Charitable Incorporated Organisation (CIO) is a corporate form of business designed for (and only available to) charitable organisations in the United Kingdom. CIO status is conferred by the Charity Commission on application by a charity, whether new or existing.
The main benefits of the form are that the charity has legal personality (the ability to enter contracts, sue and be sued, and to hold property in its own name - rather than in the name of its trustees), and its members have limited liability (their liability in the event the charity becomes insolvent is limited or nil).
Historically these benefits were only available to limited companies, and many charities chose to incorporate as charitable companies limited by guarantee. However, this requires registration and filings with both Companies House and the Charity Commission, each of which has its own regulations and requirements. In contrast a CIO only needs to register and file accounts and returns with the Charity Commission. This aims to reduce bureaucracy for the charity.
Example of a small local Community Interest Company –
Ipswich Community Media CIC
ICM staff with learners, volunteers, and friends at our IConnect Launch
“Supporting our community through learning, volunteering and media. Launched in 2015 as a Community Interest Company by a group of people with a shared vision to serve the local community through music, media, the creative arts and language learning. ICM’s focus is rooted in a deep belief in fairness and social justice to work with those at the very margins of society to make Ipswich a better place for all. All of our offerings are free at the point of access because we passionately believe that open access for the most disadvantaged in our community is vital for a healthy inclusive society. We are based just off Norwich Road in Ipswich, one of the most diverse and exciting areas of our town. It is also an area with many challenges, as Westgate Ward is one of the most deprived wards in the country. But with around a third of local residents from migrant and refugee communities we are proud to be part of such a diverse neighbourhood.”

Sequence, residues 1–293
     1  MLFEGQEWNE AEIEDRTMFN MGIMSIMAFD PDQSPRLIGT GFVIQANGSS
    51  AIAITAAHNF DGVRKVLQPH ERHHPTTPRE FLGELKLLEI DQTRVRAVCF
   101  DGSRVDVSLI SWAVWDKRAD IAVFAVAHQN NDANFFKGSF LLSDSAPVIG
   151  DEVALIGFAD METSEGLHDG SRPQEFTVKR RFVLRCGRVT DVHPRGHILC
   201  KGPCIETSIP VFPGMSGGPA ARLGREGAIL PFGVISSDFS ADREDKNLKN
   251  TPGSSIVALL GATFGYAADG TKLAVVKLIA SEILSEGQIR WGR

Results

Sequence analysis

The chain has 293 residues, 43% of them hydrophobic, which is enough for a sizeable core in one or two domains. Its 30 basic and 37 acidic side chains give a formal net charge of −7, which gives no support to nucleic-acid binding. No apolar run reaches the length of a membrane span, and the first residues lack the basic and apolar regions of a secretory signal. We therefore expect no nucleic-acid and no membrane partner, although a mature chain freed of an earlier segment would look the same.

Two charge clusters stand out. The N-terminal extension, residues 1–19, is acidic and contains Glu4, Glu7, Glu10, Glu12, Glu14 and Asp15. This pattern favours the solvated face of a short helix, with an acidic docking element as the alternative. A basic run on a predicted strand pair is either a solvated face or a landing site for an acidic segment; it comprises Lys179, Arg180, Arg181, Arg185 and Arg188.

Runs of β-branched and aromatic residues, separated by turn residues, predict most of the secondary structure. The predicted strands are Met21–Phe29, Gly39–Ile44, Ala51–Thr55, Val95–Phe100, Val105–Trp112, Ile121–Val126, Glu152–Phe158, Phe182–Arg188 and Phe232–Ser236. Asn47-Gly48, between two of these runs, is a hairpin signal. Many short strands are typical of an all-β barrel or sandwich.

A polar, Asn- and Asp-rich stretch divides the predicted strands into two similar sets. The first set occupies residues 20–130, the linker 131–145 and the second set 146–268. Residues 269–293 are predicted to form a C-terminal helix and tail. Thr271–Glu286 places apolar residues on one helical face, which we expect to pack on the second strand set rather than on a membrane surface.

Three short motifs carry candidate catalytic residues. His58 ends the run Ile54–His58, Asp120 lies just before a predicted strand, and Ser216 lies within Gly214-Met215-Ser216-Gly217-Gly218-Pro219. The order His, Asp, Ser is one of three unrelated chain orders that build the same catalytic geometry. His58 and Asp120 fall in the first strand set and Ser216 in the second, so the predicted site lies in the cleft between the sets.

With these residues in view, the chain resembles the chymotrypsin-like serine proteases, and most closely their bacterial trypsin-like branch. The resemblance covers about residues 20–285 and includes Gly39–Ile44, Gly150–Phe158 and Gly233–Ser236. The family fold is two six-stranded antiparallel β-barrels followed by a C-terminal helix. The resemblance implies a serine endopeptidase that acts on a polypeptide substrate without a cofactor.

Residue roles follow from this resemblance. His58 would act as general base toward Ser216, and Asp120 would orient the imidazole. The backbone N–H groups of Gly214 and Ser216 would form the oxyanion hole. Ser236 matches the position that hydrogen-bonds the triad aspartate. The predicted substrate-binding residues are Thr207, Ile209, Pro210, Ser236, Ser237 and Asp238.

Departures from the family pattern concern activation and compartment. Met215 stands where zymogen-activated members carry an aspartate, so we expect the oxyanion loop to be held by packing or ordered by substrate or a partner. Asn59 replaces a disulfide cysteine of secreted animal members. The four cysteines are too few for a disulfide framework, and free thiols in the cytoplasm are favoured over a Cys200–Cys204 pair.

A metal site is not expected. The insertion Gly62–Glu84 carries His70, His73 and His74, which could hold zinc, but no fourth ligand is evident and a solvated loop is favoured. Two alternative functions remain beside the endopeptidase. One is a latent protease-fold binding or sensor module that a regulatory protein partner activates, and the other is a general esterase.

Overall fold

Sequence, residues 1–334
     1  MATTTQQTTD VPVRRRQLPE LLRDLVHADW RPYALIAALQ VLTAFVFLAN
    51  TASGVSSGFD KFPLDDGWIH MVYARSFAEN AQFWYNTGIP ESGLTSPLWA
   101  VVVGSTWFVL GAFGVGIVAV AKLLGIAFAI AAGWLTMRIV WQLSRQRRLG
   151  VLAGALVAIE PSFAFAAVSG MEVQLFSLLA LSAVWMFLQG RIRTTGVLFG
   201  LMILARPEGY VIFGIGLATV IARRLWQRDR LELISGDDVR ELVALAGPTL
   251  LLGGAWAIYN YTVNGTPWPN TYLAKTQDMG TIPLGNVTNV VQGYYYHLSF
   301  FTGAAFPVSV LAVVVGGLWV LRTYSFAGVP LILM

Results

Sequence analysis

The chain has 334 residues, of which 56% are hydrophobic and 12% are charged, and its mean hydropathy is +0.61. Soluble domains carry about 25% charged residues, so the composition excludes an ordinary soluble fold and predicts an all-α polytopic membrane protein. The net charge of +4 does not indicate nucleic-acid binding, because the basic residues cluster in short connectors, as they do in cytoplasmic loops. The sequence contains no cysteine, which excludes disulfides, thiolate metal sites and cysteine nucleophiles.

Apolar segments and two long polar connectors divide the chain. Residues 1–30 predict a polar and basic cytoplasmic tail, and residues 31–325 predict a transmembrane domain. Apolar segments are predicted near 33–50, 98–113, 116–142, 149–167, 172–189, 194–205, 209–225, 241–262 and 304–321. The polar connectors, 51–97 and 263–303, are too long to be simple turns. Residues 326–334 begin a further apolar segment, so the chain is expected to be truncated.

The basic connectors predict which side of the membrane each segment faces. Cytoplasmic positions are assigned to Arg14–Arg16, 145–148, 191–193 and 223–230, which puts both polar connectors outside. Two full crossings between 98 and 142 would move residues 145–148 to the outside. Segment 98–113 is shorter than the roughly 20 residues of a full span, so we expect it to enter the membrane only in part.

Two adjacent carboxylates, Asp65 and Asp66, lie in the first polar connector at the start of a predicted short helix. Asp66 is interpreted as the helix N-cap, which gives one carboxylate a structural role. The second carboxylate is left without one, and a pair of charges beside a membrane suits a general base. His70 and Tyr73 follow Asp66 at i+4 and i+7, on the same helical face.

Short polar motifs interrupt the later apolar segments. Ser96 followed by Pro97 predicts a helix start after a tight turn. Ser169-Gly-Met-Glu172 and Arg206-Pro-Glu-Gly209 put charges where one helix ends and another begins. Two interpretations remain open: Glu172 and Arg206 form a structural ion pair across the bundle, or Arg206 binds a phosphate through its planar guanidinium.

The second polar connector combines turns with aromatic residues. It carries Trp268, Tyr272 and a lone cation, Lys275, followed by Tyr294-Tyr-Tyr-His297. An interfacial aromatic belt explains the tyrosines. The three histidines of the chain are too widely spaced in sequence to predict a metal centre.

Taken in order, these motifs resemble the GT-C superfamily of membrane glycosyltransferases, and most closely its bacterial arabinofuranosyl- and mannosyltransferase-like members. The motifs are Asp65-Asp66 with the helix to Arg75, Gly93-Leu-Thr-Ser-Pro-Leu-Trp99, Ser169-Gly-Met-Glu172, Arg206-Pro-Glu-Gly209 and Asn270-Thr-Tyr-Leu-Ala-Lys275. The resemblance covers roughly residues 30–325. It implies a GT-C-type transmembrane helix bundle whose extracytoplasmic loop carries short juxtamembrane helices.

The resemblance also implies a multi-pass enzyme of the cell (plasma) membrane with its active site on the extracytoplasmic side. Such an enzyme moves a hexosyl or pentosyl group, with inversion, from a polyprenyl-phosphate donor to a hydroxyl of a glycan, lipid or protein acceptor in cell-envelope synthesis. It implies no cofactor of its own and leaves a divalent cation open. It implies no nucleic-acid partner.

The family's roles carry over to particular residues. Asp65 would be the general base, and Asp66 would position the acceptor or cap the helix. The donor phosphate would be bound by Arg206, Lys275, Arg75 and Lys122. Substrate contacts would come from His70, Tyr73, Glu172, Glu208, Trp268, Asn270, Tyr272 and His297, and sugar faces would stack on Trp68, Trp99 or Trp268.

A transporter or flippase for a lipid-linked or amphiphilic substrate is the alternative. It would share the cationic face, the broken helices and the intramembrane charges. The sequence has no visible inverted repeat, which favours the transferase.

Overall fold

Size of the Social Enterprise Sector
Social Enterprise UK estimates that the sector contains more than 100,000 enterprises which turn over more than £60 billion and employ about 2 million people. This may be an underestimate, and certainly ignores the large number of volunteers working locally in the sector.
New evidence shows social enterprises are performing better economically than traditional firms
Sector employs 1 in 20 people and accounts for 3% of GDP – three times larger than agriculture and as big as creative services, and 5% of all UK employment
Social Enterprise and the Environment
As well as serving the needs of the community, many social enterprises also have a duty of care for the environment built into their objectives. The social enterprise sector covers vast range of different activities, some have national coverage, most are smaller and, like Ipswich Community Media, are mainly grant-aided and rooted in local communities.
Also, Social Enterprises are becoming a valuable supplement to government provision of social services, and in some cases are far closer to communities in need of support. They are also becoming an essential counterbalance to an increasingly rampant commercial sector.
AND…… The British Broadcasting Corporation, which is supported through a license fee is refreshingly advertisement-free and is respected world-wide as an impartial and balanced source of news on world events.